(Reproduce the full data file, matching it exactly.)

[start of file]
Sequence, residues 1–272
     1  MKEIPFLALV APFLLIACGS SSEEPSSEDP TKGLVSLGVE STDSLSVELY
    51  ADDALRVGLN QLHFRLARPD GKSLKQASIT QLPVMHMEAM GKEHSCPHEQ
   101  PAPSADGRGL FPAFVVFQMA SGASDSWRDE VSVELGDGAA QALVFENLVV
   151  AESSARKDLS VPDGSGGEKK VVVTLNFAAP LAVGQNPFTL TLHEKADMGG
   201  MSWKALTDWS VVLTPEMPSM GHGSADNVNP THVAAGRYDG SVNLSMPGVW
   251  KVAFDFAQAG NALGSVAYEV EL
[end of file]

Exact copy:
Sequence, residues 1–272
     1  MKEIPFLALV APFLLIACGS SSEEPSSEDP TKGLVSLGVE STDSLSVELY
    51  ADDALRVGLN QLHFRLARPD GKSLKQASIT QLPVMHMEAM GKEHSCPHEQ
   101  PAPSADGRGL FPAFVVFQMA SGASDSWRDE VSVELGDGAA QALVFENLVV
   151  AESSARKDLS VPDGSGGEKK VVVTLNFAAP LAVGQNPFTL TLHEKADMGG
   201  MSWKALTDWS VVLTPEMPSM GHGSADNVNP THVAAGRYDG SVNLSMPGVW
   251  KVAFDFAQAG NALGSVAYEV EL